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NREL, University of Massachusetts to Collaborate on Marine Energy Research

The New England Marine Renewable Energy Center (MREC) at the University of Massachusetts Dartmouth has partnered with the US Department of Energy’s National Renewable Energy Laboratory (NREL) to advance research and development activities in the field of renewable energy, mainly energy captured from waves, tides and offshore wind.

According to the announcement made by MREC, research will be conducted for three years. MREC is currently leading a pilot marine energy program in the Muskeget Channel off Nantucket. The testing of tidal energy turbines has already started at the site.

During the initial years of the research program, teams from NREL and MREC will focus on developing the test protocols, and assessing the sites and infrastructure for the development of marine energy in the region.

These implementation and testing standards are crucial to industry development, said Miller, MREC executive director.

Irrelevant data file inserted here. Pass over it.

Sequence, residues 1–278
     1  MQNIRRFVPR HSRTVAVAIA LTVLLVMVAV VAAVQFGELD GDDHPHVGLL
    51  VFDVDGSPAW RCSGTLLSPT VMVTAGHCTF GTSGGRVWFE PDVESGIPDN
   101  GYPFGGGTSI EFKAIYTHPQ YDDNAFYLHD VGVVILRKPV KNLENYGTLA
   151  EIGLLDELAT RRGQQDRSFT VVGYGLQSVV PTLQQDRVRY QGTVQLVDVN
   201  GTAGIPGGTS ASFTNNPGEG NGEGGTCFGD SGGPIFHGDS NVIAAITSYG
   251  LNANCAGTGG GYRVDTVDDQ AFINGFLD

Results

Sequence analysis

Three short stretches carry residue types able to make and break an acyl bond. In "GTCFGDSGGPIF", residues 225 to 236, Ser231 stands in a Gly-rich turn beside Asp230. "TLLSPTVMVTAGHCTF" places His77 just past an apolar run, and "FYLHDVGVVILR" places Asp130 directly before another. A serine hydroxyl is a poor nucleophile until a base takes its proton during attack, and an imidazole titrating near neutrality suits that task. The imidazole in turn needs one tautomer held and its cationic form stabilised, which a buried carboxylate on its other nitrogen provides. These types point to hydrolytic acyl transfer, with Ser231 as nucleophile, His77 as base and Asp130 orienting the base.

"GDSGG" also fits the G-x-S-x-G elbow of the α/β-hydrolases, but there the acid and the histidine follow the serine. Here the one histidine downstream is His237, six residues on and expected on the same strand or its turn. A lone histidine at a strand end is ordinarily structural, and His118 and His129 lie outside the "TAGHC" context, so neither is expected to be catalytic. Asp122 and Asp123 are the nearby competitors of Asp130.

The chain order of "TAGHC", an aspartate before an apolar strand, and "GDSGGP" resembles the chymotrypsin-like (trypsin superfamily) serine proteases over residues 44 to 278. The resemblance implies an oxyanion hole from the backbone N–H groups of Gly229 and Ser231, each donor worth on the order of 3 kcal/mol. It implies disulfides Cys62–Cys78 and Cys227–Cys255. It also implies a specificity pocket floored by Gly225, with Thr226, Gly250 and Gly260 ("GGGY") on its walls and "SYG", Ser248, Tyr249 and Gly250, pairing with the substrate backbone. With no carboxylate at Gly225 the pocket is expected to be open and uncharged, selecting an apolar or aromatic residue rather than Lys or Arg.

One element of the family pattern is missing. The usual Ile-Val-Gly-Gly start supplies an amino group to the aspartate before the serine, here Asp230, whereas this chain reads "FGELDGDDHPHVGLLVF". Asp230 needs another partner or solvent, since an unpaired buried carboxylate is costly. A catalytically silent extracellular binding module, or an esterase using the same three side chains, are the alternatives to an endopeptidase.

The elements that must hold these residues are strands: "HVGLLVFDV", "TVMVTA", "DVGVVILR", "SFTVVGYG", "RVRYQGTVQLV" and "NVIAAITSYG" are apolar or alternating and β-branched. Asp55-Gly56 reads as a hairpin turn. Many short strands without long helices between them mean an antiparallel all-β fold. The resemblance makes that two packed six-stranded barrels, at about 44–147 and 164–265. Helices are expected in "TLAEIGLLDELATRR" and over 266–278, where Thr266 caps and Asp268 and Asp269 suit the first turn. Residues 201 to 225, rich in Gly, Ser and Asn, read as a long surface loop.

“The key (to advancing the industry) is to adhere to the same standards and protocols so someone who wants to develop new technology can get into the ocean as quick as possible,” he said. While development is underway, the industry has many steps to take before it is producing energy in a viable, cost-effective way, according to Miller.

“The devices nearing commercialization now are first generation,” he said. “And we believe the second or third generation will make the industry cost effective.”

Miller described current industry activity as a mix of collaboration and competition with an understanding that venture capital and other funding dollars will likely go to the industry’s leaders.

This collaboration should provide a good research opportunity for the development of marine energy in the region. NREL laboratory is equipped with advanced facilities for testing offshore wind and water power devices, and it maintains a staff of offshore-trained test engineers and technicians who conduct field measurements to verify machine performance and dynamic response.

Image Source: Tony Hisgett

The views presented in the above article are author’s personal views only.

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Written By

Mridul currently works as Head-News & Data at Climate Connect Limited, a market research and analytics firm in the renewable energy and carbon markets domain. He earned his Master’s in Technology degree from The Energy & Resources Institute in Renewable Energy Engineering and Management. He also has a bachelor’s degree in Environmental Engineering. Mridul has a keen interest in renewable energy sector in India and emerging carbon markets like China and Australia.


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